Last week Nature published “Information Gerrymandering and Undemocratic Decisions,” an article analysing the effect of peer influences on the outcome of collective decisions.

Suppose, for example, that a 24-member committee must collectively decide whether to adopt a new policy. The committee agrees to make the decision by vote, and will action whichever choice—accept or reject—wins a two-thirds majority. One week before the vote, half of the committee members support the policy and half want it rejected. Fearing stagnation, each member updates their position daily to match the majority among their six most trusted colleagues. This update process allows committee members to influence each others’ positions, potentially shifting the split vote to a decisive majority.

Assuming trust is pairwise mutual, the “influence network” among committee members can be modelled as a 6-regular graph on 24 vertices, with edges connecting influencers. The function below uses this regular graph model to simulate the outcome of many votes:

simulate_votes <- function(n_votes, committee_size, n_influences, n_days) {

# Create regular graph and identify neighbours
net <- igraph::k.regular.game(committee_size, n_influences)
nb <- igraph::neighborhood(net)

# Define function for simulating one vote
simulate_one <- function(vote) {
accepts <- vector('double', n_days)
init_positions <- sample(rep(c(0, 1), committee_size %/% 2), replace = F)
positions <- init_positions
for (day in seq_len(n_days)) {
positions <- purrr::map_dbl(nb, ~(1 * (mean(positions[.]) >= 0.5)))
accepts[day] <- committee_size * mean(positions)
}
list(init_positions = init_positions, accepts = accepts)
}

# Return results
list(network = net, results = votes)
}


simulate_one randomises committee members’ initial positions—encoding “accept” as one and “reject” as zero—before updating these positions based on neighbouring majorities. Running simulate_one many times allows me to simulate the committee’s decision for an ensemble of randomly generated influence networks. The last few lines of simulate_votes generate this ensemble and output the simulation results.

Let’s simulate the committee’s vote 1000 times, including one week of daily position updates, and tabulate the simulated decision frequencies:

# Run simulations
committee_size <- 24
set.seed(0)

# Define function for converting vote counts to committee decisions
get_decision <- function(accepts) {
dplyr::case_when(
accepts >= committee_size * 2 / 3 ~ 'Accept',
accepts <= committee_size / 3 ~ 'Reject',
)
}

# Tabulate decision frequencies
tibble(accepts = map(votes$results, ~tail(.$accepts, 1))) %>%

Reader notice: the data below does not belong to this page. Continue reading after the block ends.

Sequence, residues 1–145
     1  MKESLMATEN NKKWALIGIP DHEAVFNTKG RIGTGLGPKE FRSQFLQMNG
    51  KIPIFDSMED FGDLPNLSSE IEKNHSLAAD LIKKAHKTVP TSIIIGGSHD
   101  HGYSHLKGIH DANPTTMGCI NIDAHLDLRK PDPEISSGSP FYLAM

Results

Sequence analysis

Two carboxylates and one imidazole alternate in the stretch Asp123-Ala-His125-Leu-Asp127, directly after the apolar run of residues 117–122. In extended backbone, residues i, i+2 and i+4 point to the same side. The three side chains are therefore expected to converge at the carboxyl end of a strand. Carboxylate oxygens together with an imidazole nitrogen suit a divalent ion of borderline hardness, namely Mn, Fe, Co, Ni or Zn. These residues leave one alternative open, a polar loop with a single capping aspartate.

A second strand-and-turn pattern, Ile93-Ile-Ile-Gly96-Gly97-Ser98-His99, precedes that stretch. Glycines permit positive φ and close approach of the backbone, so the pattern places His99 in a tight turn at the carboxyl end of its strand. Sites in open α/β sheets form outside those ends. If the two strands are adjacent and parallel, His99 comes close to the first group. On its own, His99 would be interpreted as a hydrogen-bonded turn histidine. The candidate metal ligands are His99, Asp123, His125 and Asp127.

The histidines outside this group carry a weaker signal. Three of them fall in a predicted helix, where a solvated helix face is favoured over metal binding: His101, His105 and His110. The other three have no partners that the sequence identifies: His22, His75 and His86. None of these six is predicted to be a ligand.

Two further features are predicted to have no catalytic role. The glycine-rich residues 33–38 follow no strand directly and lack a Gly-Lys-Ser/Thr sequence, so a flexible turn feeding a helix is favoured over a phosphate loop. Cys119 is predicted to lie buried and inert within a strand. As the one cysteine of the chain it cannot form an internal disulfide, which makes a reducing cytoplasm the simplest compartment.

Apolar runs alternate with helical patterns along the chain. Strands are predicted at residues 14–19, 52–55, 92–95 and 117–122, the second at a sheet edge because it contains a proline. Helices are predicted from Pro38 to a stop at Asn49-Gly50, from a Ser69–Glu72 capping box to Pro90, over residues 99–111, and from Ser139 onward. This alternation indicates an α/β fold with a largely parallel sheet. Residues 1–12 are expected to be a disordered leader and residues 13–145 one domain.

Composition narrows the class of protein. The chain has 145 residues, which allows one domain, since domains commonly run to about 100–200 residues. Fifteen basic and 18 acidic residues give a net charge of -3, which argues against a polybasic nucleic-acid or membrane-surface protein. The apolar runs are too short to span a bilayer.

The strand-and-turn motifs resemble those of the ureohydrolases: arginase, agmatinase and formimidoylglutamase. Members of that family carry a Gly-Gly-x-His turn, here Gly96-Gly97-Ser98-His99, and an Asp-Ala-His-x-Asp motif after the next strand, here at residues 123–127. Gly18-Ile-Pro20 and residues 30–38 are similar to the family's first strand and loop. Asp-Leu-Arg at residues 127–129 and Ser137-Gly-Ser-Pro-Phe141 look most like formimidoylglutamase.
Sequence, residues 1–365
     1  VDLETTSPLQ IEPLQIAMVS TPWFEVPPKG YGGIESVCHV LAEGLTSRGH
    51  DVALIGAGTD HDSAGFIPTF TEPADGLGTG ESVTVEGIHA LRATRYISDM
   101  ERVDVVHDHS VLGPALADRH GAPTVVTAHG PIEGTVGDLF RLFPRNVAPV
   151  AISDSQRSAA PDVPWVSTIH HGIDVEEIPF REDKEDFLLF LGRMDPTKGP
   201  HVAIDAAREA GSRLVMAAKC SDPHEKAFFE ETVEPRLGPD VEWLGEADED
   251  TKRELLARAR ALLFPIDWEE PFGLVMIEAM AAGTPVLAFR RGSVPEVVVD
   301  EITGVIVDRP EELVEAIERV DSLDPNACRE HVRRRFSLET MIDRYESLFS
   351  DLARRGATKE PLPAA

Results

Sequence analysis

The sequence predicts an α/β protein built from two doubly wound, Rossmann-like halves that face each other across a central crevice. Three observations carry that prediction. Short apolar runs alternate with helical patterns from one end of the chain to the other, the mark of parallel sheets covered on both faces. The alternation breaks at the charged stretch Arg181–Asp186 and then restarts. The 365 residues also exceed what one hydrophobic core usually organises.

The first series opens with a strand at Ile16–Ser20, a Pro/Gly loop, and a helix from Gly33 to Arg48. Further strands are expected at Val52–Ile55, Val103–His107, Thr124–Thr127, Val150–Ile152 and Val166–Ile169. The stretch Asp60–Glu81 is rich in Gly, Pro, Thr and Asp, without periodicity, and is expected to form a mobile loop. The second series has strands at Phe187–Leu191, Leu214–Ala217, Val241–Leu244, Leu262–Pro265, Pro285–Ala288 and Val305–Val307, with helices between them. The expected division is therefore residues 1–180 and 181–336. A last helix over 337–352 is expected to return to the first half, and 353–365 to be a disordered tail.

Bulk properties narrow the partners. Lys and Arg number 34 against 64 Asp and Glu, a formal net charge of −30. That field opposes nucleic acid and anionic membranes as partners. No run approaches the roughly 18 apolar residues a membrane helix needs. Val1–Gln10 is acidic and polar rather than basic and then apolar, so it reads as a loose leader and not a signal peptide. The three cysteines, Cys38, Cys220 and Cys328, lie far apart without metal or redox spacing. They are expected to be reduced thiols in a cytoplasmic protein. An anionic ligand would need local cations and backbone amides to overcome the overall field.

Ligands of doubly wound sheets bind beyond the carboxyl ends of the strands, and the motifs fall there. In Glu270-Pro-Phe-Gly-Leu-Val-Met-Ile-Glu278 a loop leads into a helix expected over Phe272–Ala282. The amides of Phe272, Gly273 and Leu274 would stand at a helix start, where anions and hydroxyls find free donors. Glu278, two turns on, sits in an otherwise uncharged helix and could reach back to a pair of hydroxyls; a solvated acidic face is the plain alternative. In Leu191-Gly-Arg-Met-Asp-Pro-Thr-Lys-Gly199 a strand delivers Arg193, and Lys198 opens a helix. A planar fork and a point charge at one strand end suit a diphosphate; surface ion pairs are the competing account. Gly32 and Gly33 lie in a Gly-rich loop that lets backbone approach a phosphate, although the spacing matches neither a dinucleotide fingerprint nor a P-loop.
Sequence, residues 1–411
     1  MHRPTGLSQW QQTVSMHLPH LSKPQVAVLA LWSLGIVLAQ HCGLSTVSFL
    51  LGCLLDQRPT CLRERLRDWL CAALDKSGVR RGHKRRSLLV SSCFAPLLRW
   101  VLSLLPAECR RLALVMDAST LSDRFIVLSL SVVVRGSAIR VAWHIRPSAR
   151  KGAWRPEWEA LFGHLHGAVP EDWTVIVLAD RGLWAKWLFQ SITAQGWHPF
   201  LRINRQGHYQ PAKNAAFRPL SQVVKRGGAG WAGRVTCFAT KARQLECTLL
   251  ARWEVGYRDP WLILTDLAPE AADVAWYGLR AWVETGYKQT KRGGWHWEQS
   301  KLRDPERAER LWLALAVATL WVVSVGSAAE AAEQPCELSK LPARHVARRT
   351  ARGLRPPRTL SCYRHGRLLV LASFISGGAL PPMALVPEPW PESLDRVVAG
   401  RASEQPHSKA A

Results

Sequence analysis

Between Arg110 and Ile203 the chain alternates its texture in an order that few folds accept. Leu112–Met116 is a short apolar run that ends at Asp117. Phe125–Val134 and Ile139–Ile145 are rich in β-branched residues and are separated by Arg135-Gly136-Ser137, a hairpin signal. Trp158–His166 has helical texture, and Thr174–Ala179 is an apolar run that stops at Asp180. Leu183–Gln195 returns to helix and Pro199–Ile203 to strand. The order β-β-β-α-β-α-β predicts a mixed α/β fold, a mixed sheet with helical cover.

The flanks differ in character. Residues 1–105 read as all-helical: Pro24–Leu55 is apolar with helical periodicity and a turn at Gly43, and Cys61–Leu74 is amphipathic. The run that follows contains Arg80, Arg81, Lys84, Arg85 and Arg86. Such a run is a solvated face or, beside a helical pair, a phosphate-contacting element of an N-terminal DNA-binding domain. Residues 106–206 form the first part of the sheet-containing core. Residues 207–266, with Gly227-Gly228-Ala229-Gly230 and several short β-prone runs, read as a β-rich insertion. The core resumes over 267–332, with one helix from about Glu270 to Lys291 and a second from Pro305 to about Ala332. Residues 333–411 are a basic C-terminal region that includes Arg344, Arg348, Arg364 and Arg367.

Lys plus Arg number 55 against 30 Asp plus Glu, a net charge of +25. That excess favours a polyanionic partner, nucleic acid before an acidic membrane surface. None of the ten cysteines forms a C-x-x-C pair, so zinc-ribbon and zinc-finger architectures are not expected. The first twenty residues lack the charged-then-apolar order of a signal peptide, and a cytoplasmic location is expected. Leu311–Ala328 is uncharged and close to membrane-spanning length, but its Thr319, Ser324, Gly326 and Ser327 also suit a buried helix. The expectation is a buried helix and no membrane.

mutate(Decision = get_decision(accepts)) %>%
count(Decision, name = 'Frequency') %>%
knitr::kable(align = 'c')

Decision Frequency
Accept 292
Reject 279

Variation in decisions comes from variation in the influence network’s structure. To see how, let $$\Delta_i$$ denote the proportion of committee member $$i$$'s influencers with the same initial position on the policy as member $$i$$, and define $$a_i = \begin{cases} \Delta_i & \text{if}\ \Delta_i\ge 1/2\\ -(1 - \Delta_i) & \text{otherwise}. \end{cases}$$ The variable $$a_i$$ captures the “influence assortment” of committee member $$i$$. Positive influence assortment means that they mainly agree with their influencers; negative influence assortment means that they mainly disagree.

Now let $$\mathcal{A}$$ and $$\mathcal{R}$$ be the sets of committee members whose initial positions are to accept and reject the policy, and consider the difference $$G = \frac{1}{\lvert\mathcal{A}\rvert}\sum_{i\in\mathcal{A}} a_i - \frac{1}{\lvert\mathcal{R}\rvert}\sum_{j\in\mathcal{R}} a_j$$ in mean influence assortments between these sets. The “influence gap” $$G$$ is greater than zero precisely when committee members in $$\mathcal{A}$$ are, on average, more positively influence assorted than committee members in $$\mathcal{R}$$.

The scatter plot below shows that $$G$$ correlates positively with the probability that the committee accepts the policy. Intuitively, positive influence gaps characterise influence networks with disproportionately many neighbouring majorities in favour of acceptance, which, consequently, makes voting to accept the policy more likely. The relationship between influence gaps and vote outcomes creates an incentive to gerrymander the influence network to make preferred outcomes more likely. For example, a subset of committee members wanting to accept the policy could cooperate to gain the trust of specific members so as to construct a positive influence gap. In political and legal contexts (e.g. elections and jury votes), bad actors may act on the incentive to gerrymander voters’ influences and, in doing so, pervert the democratic process.

The Nature article extends my model in three ways:

1. it generalises to directed influence networks by relaxing the assumption of pairwise mutual trust;
2. it uses a more elaborate rule for updating positions;
3. it introduces stubborn committee members (“zealots”) who never change their position.

However, none of these extensions change the model’s prediction: gerrymandering influence networks can lead to undemocratic decision-making by biasing the outcome of otherwise-split votes.